magazine-category: Alumni

Restoring Broken Vessels

Dave Byers
GWU graduate Dave Byers serves as a missionary potter in Cologne, Germany.

Dave Byers ’99 Uses GW Communications and Art Experiences to Impact Germany

Dave ByersOn a highly traveled street in Cologne, Germany, one storefront draws attention. Through the window, people watch as Gardner-Webb University alumnus Dave Byers (’99) works at his potter’s wheel. Byers creates pottery and recycles it when necessary. “I have opportunities to share hope through the process of making clay pots, as well as what happens to them when they break or fail to meet expectations,” he related. “Most people will want to just throw it away, because it is junk, but the process of recycling clay—of softening and reshaping hardened clay pieces—makes it easier to describe to people why I believe in a God who created me while I’m creating something.”
He also draws people into his shop with the use of a chalkboard emblazoned with clever quips. “Germans have an innate curiosity,” Byers shared. “That curiosity leads more people to come in and talk.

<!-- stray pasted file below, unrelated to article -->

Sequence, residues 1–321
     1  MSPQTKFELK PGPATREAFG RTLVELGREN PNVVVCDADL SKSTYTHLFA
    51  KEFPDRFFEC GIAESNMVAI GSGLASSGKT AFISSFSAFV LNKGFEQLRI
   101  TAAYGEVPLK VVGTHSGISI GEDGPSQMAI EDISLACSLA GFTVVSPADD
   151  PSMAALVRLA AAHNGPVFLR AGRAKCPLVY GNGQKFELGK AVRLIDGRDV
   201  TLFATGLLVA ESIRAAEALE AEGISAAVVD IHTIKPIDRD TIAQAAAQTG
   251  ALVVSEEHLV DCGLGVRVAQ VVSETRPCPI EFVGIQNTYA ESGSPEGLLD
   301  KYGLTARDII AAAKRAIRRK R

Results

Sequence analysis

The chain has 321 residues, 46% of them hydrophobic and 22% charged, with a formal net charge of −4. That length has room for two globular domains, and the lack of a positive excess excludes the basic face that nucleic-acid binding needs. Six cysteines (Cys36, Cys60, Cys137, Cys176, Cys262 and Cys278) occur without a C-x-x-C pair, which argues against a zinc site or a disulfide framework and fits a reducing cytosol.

I focus on building relationships with people and through that, I share Kingdom ideas and God’s word.” Byers and his family have lived in Germany for over a decade. In partnership with Greater Europe Mission, they work with a church and youth ministry. His pottery studio has flourished, and his wife has focused her talents to minister to victims of human trafficking through the International Justice Mission and the A21 Campaign. Byers’ journey to Cologne was the result of a series of opportunities, including his decision to attend Gardner-Webb and major in communication studies with a photography concentration and minor in art. The caring and dedicated faculty and staff at Gardner-Webb worked with him to help him succeed even through challenges.

Dave Byers at pottery wheelHis professors taught him the skills he needed, but more importantly, they gave him confidence. “Professors like Ms. (Susan) Bell and Dr. Bob Carey, and others on campus seemed to be glad I was here,” Byers observed. “They made me feel welcomed and they saw a gift in me.” He also discovered his talent and passion for making pottery at Gardner-Webb. “Once I took my first ceramics class, I knew whatever I did for the rest of my life, this would be a part of it,” Byers described. “Everything I learned through the communication courses has helped me, from public speaking to designing print materials and ceramics. I make a living creating art, preaching, communicating and telling stories.” Additionally, Byers is thankful for the friends he made at Gardner-Webb who encouraged him to make better choices. “They were the ones who pulled me
out of where I was headed in the wrong direction for my life,” he revealed. “We are still close and they are supporters of our ministry.”

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